But so my point about Oink and sites like it is that their appeal to me has always been the ability to get rare albums that I've been looking for since high school (Hum's Filet Show) and albums that I bought on vinyl but can't play since my record player broke and Insound.com is out of stock of (S.O.Z.'s High Tides). To a certain degree this might be considered hypocritical, but I don't believe that it is because like I said I have paid for most of the music in my possession, and a lot of the stuff I've taken for free off of the Internet is stuff that I previously purchased on cassette or vinyl, and wanted an updated digital copy of.

So, hopefully this blog entry will get introduced into evidence when authorities round up every single person who's ever been on Oink.com ever in their lives and strap rat cages to thier faces. Give it to Julia!

A quick word about Filet Show. Hum was one of those bands that got exponentially better and more mature with each release and then tragically broke up after years of labouring without any significant mainstream success (most people know them from their one radio hit "Stars," off of 1995's gorgeous You'd Prefer An Astronaut). Filet Show proves this path of growth and at the same time is a great album on it's own. The sound is a lot more fuzz-rock oriented than the intricate, spacey sound they'd later achieve on You'd Prefer... and Downward is Heavenward, and it's reminiscent of Sunny Day Real Estate's first album except it's not quite as well-engineered. It's a great introduction to one of the 90's best, secretly influential rock bands and if you can get your hands on it despite the mass shutdown of P2P sites, I recommend it. At the very least, you should pick up any of their other three still-in-print jammies.

Okay see you in like three months when I update this again.

Tuesday, August 21, 2007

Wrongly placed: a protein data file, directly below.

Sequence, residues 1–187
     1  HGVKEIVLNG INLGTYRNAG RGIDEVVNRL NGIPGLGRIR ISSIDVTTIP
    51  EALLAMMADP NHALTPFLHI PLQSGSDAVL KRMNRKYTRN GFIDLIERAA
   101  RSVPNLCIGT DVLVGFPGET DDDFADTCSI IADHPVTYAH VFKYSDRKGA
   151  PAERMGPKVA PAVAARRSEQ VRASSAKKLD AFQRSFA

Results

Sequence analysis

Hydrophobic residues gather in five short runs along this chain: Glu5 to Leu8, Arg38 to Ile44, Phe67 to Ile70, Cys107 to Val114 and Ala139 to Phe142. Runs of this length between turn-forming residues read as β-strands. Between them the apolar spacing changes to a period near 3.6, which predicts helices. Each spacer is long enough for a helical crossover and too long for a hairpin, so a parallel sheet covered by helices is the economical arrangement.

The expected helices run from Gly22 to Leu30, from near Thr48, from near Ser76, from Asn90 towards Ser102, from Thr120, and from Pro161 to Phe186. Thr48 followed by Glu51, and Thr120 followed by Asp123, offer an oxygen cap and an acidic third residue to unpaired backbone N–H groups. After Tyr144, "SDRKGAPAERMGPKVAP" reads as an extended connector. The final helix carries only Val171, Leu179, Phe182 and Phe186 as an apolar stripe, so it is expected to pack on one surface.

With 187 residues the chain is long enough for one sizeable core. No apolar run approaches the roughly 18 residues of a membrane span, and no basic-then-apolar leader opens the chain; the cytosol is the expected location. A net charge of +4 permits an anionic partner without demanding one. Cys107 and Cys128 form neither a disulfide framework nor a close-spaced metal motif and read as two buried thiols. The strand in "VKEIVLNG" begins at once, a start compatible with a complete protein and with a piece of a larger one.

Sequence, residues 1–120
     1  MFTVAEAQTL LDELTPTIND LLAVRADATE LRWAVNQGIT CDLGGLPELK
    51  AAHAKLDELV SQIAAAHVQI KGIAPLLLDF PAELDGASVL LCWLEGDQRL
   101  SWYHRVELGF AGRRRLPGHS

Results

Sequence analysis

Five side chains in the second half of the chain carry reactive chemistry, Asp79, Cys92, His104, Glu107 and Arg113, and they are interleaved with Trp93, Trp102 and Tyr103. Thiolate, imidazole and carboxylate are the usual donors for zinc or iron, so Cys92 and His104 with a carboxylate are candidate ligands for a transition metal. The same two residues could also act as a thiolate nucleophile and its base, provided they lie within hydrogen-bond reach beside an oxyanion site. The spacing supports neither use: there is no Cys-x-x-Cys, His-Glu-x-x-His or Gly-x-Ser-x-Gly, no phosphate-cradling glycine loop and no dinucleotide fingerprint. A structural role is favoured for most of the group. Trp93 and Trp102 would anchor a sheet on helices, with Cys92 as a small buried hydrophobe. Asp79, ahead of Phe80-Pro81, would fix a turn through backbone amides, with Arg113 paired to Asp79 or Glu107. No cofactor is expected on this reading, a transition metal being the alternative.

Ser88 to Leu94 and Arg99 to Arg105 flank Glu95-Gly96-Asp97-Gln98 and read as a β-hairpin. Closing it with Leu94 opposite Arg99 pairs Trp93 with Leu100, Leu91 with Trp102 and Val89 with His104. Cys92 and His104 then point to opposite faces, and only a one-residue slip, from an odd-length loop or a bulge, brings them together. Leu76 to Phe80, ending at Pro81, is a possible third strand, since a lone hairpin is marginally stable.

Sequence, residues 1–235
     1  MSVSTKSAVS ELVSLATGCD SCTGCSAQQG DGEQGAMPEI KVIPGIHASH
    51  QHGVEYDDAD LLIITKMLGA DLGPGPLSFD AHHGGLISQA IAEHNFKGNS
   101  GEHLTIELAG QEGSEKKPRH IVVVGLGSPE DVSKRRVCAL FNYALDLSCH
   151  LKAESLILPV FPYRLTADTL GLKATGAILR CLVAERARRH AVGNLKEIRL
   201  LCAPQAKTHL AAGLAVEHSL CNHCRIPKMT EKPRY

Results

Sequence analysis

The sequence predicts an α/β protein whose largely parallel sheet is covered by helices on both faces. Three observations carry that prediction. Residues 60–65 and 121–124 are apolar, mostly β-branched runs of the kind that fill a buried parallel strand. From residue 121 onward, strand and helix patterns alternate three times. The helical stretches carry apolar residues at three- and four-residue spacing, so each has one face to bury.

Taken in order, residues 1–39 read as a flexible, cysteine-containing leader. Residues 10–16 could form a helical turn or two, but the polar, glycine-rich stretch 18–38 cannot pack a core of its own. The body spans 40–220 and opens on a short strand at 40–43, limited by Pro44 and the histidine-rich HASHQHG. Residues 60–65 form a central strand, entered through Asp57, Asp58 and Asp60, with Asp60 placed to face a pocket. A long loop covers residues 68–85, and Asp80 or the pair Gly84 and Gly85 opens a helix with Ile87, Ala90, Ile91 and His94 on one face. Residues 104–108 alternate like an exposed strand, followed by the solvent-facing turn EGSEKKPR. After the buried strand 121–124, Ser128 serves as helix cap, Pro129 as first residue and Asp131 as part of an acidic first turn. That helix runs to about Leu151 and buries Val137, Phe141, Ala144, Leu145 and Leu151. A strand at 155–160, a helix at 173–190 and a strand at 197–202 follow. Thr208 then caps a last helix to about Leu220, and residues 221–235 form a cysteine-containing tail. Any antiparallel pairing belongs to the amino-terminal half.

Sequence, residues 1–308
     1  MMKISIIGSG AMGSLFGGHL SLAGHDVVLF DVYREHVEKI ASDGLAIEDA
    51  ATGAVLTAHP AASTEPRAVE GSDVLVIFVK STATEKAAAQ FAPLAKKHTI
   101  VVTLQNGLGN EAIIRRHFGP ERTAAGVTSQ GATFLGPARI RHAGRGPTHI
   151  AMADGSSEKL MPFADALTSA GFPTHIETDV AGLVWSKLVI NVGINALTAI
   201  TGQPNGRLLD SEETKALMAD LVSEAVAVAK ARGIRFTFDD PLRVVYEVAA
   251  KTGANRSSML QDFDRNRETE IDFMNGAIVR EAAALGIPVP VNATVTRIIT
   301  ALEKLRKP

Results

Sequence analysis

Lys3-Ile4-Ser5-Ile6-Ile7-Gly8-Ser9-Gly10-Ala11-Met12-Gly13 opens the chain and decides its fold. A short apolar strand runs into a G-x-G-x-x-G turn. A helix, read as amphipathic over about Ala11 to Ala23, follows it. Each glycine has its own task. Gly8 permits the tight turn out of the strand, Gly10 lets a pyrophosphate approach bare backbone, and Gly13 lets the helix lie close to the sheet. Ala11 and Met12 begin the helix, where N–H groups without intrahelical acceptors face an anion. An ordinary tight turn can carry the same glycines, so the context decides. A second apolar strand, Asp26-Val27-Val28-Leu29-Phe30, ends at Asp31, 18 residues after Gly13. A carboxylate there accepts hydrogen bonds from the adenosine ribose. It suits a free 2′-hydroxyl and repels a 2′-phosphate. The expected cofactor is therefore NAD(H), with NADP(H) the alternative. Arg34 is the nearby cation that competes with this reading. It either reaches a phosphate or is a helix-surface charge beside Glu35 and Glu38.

Chocolate Rain Oracle

Tay Zonday has not only created the ultimate Summer banger, he's also created a frighteningly insightful and accurate fortune teller and problem solver. Go ahead, ask any question burning on your mind and then click the link below to get answers your life depends on.

Chocolate Rain Oracle!

Ask as many questions as you want and hit "refresh"! The Oracle's insight is amazing and endless!





Thursday, July 12, 2007

New Pinback Song Released

Pinback, the masters of post-hardcore layering and harmonies, have released a track from their forthcoming album Autumn of the Seraphs, the follow-up to 2005's Summer in Abaddon (they now have two more seasons left to match up with mythological/religious symbols). You can stream the new joint, "From Nothing to Nowhere", at the Touch and Go Records site (or click this handy link) . The album comes out on September 11, 2007.

Zach and Rob have been winding the rhythms of their songs steadily tighter since their debut s/t LP, and if this new song is any indication, Autumn will see that trend continuing. The common elements are there: urgent guitar strumming, tight verses that give way to an airy chorus, a prog-like penchant for structuring, and the layering of all these elements over each other at the end of the song. This layering is one of my favorite aspects of Pinback, and I never get tired of the way they do it.